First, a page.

Tunisia update

Nov 06, 2011 Comments Off by

In a previous post, “A bad omen”, I critiqued the theological start the “liberated” Libya is getting and noted we’d no way of telling what consequences the Tunisian elections shortly thereafter would have. We now know that outcome. While an Islamist party secured over 40% of votes (whether their government will be a coalition as unsuccessful as the one currently in the UK only time will tell), a promise has been made the constitution will be entirely secular. It seems whoever is in charge of this new government wants an Arab state whose government is as secular in its intent as are its majority Muslim but nonetheless anti–theocratic people. Indeed, the very fact that I felt the need to include the word “but” in that sentence shows how deeply ingrained in our culture is the correlation between religion and opposition to secularism. Let’s discuss that for a moment.

You could argue the easiest way for Tunisia to draft the Constitution it wants would be to copy word for word the relevant secularism–establishing parts of the US Constitution, article VI and the first amendment’s establishment clause (whose extent is beyond Congress due to article VI’s supremacy clause, a point not emphasised enough). Someone else could counter that, for all the secularism in its Constitution, the United States is always finding new ways to make itself ever more Christian at the political level. The founding fathers were as religiously diverse as a collaborative group could be in the eighteenth century: they were a mix of Christian and deist, and some of them may not have even believed confidently in a god, and those who were Christian were of multiple denominations. The one idea about religion on which they were unified was that secularism was a good idea from a political standpoint, and that both politics and religion would benefit from it – but more importantly, so too would the individual. Let’s suppose for the sake of argument the new Tunisian leaders are as committed to these ideals as were the Founding Fathers themselves. Why expect their country to stay more tied to secularism than the US has?

In the US today, secularist law is almost entirely defended in the courts through the challenges of non–believers. In principle secularism should appeal to everyone; indeed, religious people do thank the Freedom From Religion Foundation for its efforts, and there are certainly modern secularist cases fought by theists: but these are few and far between. And, unfortunately, this unintentional monopolising of the cause by atheists becomes self–fulfilling, because many religious people come to equate secularism with atheism and therefore dislike it, and those religious people who might stand up for secularism feel less in touch with their religious communities if they go ahead – indeed, theists have become outcasts in their community for secularist efforts, and at least one example of this includes a previously well–respected priest. So as long as atheism remains unpopular in the US, secularism will be very hard to defend. Luckily, research suggests all it may take for atheism to gain tolerance is for the population to realise how many non–believers live in their midst, and how few detrimental effects this seems to be having for society, to put it mildly.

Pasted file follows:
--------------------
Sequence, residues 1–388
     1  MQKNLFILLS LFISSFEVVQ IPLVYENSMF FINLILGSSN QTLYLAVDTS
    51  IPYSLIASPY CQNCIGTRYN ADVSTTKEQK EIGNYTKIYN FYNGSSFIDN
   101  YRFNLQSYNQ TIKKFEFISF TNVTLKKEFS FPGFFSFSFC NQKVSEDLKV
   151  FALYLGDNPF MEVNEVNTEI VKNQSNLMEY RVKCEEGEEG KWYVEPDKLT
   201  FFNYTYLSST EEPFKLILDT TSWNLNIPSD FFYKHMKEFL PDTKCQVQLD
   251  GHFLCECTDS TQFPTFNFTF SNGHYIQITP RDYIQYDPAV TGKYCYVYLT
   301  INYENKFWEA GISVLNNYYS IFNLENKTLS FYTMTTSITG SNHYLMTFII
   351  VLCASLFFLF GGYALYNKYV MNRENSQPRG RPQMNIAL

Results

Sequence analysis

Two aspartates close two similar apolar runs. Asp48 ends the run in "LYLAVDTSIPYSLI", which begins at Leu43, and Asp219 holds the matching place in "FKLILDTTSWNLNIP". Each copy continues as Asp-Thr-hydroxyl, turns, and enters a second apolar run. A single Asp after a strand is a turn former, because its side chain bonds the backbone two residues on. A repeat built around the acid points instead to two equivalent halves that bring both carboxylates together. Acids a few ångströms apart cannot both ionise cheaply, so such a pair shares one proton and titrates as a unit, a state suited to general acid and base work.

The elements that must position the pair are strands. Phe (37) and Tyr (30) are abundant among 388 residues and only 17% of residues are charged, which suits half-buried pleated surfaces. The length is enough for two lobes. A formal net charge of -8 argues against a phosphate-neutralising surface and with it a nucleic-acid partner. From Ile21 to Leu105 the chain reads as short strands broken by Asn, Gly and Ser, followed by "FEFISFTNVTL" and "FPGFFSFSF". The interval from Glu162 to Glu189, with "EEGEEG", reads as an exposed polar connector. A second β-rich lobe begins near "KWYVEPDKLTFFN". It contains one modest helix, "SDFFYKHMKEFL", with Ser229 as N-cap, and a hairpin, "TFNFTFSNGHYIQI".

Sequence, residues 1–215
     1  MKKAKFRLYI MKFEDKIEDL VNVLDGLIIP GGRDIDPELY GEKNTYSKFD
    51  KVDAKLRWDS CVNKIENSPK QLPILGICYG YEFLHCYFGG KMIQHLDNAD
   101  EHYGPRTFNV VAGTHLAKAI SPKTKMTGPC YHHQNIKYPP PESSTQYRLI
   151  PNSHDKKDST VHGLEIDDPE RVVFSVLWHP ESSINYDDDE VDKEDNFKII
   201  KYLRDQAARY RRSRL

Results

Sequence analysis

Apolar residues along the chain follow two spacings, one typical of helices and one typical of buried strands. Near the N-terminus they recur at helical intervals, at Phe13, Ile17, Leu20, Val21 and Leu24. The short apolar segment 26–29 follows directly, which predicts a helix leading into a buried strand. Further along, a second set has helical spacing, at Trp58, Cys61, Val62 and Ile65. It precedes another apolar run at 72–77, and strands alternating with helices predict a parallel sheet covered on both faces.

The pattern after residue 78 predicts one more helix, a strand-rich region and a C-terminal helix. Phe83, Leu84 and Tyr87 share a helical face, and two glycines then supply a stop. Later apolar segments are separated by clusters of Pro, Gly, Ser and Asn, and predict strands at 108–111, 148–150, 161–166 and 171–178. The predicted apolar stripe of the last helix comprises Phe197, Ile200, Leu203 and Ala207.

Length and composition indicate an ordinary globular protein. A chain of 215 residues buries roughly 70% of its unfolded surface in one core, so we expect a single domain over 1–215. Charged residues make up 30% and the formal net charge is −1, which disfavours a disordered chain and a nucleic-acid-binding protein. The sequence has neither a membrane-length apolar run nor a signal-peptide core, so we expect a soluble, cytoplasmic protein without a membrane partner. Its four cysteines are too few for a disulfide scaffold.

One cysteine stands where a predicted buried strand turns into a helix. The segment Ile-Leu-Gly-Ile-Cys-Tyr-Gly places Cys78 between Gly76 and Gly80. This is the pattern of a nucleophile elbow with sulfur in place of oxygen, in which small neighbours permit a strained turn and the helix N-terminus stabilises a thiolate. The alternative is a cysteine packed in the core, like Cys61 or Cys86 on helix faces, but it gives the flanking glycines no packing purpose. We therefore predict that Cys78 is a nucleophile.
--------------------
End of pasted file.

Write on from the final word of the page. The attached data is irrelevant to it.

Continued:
Perhaps then what will happen in Tunisia will depend on the biases of its people. Might there one day be a future where its secularist law is mainly defended by Christians, due to their being at that future time a very unpopular group? Hopefully not. How would this happen anyway? Well, let us think about what happened in the US. Their pledge and banknotes lacked references to God until the 1950s, when Americans felt their biggest dissimilarity to the Communists was the prevalence of theism in the US. (This shows how uninterested they were in understanding the philosophy, politics and economics of Communism and Marxism. If you’ve ever heard of the Russian Orthodox Church, you won’t imagine Russia that had an unusually low level of theism for a European nation when the October Revolution occurred, and it’s not as if personal beliefs made U–turns nationwide due to a regime change.) By contrast, when Robert Green Ingersoll & Mark Twain wore their irreligiosity on their sleeves, popular atheists existed and opposition to atheists was nowhere near its current levels. So what it would take for the example above to occur would be a prolonged war between Tunisia and a “Christian” state; Tunisia may be spared corruption of secularism by its starting in a later era.

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About the author

For most of my time as an undergraduate there was an atheist society in my university, which was founded late in my first year there. I was a committee member from then until my degree ended, by which time the society was atheist, secularist and humanist (you needn't be all three!). This gives me many experiences to relate. I have long critiqued pro-religious arguments, including in hundreds of posts - many of them thorough rebuttals to articles - on richarddawkins.net under my name. My degree was in physics, and I know a lot of the science - physics and otherwise - relevant to the debate on religion.
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